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The minimum efficient scale is the amount of output that is most efficient for a company to produce. This is usually not a single number of output but is more typically a range of outputs.
Typically, there are economies of scale related to businesses. The larger a business is, up to a point, the more efficiently it can produce its outputs. But, after a certain point, this stops being true. It is often the case that firms will actually start to become less efficient as they grow bigger. This is where the minimum efficient scale comes into play. There should be a “sweet spot” in which a firm has already benefitted from all the possible economies of scale, but at which it has not yet gotten so big that it is experiencing diseconomies of scale. This is the minimum efficient scale.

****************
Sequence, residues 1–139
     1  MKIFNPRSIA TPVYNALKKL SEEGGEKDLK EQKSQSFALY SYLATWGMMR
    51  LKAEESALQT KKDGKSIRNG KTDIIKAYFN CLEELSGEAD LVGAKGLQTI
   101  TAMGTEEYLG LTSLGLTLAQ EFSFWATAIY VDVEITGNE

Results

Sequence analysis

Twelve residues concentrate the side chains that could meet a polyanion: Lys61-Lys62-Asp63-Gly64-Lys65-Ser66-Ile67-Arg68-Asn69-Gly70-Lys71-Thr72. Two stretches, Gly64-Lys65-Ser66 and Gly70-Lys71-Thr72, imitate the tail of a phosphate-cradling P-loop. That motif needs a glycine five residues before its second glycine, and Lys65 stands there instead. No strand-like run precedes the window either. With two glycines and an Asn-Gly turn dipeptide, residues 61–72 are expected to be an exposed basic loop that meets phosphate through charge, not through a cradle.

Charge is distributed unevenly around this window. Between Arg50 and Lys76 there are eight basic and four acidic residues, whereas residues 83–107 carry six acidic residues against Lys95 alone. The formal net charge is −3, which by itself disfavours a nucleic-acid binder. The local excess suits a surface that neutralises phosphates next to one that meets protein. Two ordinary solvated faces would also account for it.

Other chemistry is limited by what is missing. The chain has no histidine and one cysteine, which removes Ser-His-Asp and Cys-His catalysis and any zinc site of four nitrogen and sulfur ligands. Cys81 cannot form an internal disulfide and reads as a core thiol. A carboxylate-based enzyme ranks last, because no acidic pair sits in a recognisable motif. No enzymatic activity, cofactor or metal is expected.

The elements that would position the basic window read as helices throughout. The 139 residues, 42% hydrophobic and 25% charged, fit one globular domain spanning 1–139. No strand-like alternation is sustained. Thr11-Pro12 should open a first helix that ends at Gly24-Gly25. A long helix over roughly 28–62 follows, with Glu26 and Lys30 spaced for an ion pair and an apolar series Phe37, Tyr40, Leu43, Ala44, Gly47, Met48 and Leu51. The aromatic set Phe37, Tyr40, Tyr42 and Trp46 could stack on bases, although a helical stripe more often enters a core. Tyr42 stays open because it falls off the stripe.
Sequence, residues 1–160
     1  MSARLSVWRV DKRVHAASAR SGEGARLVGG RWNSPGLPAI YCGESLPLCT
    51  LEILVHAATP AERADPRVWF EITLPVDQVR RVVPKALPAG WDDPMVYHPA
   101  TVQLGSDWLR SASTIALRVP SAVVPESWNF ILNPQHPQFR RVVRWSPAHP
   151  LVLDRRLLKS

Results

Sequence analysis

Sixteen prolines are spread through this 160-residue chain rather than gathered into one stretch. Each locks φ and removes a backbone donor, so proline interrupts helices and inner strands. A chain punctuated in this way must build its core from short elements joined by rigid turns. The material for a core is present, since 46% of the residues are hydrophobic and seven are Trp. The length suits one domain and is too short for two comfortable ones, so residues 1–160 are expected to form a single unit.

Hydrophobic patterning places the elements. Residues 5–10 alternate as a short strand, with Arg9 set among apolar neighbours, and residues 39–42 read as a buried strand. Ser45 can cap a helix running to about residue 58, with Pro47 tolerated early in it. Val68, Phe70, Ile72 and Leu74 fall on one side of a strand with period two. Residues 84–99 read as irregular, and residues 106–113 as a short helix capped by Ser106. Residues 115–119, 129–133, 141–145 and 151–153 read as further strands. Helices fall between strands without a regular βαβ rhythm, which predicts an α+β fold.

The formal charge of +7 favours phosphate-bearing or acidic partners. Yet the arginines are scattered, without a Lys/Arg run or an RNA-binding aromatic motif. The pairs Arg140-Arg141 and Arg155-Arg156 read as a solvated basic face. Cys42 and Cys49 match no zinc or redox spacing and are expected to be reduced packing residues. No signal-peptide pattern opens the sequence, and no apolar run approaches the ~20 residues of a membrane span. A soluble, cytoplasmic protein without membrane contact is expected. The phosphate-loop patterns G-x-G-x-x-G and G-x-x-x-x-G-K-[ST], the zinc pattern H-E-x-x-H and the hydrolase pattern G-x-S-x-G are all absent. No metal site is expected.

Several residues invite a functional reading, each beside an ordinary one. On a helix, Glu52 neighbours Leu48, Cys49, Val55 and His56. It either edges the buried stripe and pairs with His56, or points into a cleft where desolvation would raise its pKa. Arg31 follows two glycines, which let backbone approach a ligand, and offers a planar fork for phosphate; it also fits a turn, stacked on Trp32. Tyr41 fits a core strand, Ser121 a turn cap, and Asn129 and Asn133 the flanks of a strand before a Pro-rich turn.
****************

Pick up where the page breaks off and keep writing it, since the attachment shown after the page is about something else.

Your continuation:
The minimum efficient scale will be different for different industries just because some industries have more need for size. For example, a cell phone company needs to be really large so that it can have cell towers all over the place. By contrast, a firm that provides delivery services for people in a small town will not need to be very big at all. Minimum efficient scale is a level of output that is optimally efficient because it exploits all economies of scale but does not yet encounter diseconomies of scale.
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